Stuttering is a communication disorder in which the flow of speech is broken by repetitions (li-li-like this), prolongations (lllllike this), or abnormal stoppages (no sound) of sounds and syllables. There may also be unusual facial and body movements associated with the effort to speak. Fluency is the flow of speech and fluent speech is smooth, forward-moving, unhesitant and effortless speech.

Like stuttering, cluttering is a fluency disorder, but the two disorders are not the same. Cluttering involves excessive breaks in the normal flow of speech that seem to result from disorganized speech planning, talking too fast or in spurts, or simply being unsure of what one wants to say. By contrast, the person who stutters typically knows exactly what he or she wants to say but is temporarily unable to say it. To make matters even more confusing, since cluttering is not well known, many who clutter are described by themselves or others as “stuttering.” Also, and equally confusing, cluttering often occurs along with stuttering.

The definition of cluttering adopted by the fluency disorders division of the American Speech-Language-Hearing Association is: Cluttering is a fluency disorder characterized by a rapid and/or irregular speaking rate, excessive disfluencies, and often other symptoms such as language or phonological errors and attention deficits.

There is no single cause of stuttering. There are several factors that likely play into the cause: genetics, child’s language skills, environmental factors and temperament. Approximately 60% of children who stutter have a family member who also stutters. Environmental factors may include: major life changes, family and sibling conflicts and unpredictable life events. Personality traits for those children who stutter might be over-sensitive or highly competitive. Parents do not cause stuttering.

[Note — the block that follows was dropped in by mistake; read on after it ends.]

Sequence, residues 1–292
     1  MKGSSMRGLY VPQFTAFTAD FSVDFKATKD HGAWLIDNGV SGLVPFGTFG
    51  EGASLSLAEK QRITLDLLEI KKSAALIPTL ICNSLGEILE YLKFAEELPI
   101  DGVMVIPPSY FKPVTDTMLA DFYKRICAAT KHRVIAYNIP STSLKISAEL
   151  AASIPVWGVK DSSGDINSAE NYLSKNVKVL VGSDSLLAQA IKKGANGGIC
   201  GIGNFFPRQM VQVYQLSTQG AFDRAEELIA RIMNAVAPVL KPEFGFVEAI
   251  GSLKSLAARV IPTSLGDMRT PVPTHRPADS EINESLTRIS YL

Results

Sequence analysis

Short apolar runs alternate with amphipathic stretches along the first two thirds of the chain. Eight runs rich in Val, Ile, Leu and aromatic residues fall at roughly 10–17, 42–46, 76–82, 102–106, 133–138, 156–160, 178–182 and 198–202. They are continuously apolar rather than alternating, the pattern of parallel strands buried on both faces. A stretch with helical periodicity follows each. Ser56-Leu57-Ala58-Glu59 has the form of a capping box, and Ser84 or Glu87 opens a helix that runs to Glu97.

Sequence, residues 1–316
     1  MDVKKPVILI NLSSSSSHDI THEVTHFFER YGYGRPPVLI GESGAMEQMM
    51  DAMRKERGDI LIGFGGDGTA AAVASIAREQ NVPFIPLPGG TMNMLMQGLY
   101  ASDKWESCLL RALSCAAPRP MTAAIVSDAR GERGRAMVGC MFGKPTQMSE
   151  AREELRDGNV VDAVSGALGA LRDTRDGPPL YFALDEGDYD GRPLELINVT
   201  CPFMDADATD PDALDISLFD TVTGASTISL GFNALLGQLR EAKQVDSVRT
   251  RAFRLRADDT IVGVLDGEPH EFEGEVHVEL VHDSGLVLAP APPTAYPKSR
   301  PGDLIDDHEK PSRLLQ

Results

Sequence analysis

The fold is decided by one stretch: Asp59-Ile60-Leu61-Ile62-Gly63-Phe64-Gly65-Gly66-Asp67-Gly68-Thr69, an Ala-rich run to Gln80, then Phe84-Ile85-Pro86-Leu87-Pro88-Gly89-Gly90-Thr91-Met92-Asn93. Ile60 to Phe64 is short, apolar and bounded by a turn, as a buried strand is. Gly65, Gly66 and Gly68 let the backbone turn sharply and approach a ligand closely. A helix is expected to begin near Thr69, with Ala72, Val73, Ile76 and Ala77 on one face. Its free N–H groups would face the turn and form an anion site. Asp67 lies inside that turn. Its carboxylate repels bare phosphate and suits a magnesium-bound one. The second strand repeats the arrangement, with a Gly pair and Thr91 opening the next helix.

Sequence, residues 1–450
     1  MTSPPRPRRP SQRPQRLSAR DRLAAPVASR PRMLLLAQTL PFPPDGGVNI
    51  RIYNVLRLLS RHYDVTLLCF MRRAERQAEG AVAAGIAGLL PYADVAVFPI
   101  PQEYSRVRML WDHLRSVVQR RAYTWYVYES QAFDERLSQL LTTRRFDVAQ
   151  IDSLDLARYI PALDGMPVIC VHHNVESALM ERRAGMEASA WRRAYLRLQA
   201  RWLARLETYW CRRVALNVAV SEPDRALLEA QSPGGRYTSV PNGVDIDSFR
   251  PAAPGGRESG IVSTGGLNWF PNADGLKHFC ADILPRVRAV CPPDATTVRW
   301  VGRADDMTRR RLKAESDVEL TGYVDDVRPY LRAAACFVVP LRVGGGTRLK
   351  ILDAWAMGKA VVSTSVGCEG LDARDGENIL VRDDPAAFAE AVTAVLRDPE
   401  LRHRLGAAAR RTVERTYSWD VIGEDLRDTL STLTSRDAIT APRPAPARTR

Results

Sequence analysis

Some Important Facts:

  • More than 70 million people worldwide stutter, which is about 1% of the population. In the United States, that’s over 3 million Americans who stutter.
  • Stuttering affects four times as many males as females.
  • Approximately 5 percent of all children go through a period of stuttering that lasts six months or more. Three-quarters of those will recover by late childhood, leaving about 1% with a long-term problem.

There are many different stuttering intervention approaches that have been used with preschool-age and early school-age children.  Indirect approaches to treating stuttering involve modifying the child’s environment rather than working directly with the child (R. J. Ingham & Cordes, 1998; Richels & Conture, 2007) while direct approaches target the child’s individual speech behaviors (R. J. Ingham & Cordes, 1998; Richels & Conture, 2007).

There are two therapeutic techniques used when treating stuttering-stuttering modification and fluency shaping. Stuttering modification aims to reduce speech-related avoidance behaviors, fears, and negative attitudes (Guitar & Peters, 1980; Peters & Guitar, 1991)  The goal of stuttering modification is to modify stuttering moments by decreasing the tension so the stuttering is less severe and the fear or avoidance behaviors of stuttering are eliminated (Blomgren et al., 2005; Guitar, 1998)  Fluency shaping, on the other hand, focuses on teaching the individual to speak more fluently (Blomgren et al., 2005; Guitar, 1998).

The Lidcombe Program is a behavioral parent-directed treatment for stuttering in preschool children that was developed by the Faculty of Health Sciences at The University of Sydney and the Stuttering Unit of the Bankstown Health Service in Sydney, Australia. Using this program, the SLP teaches the parent to deliver treatment to the child and to use a 10-point Likert scale to measure the severity of the child’s stuttering in his or her everyday environment (Onslow, Packman, & Harrison, 2003; Rousseau et al., 2007).

There is no single cause of stuttering. There are several factors that likely play into the cause of stuttering.   Learn more on our “Stuttering Signs” blog post.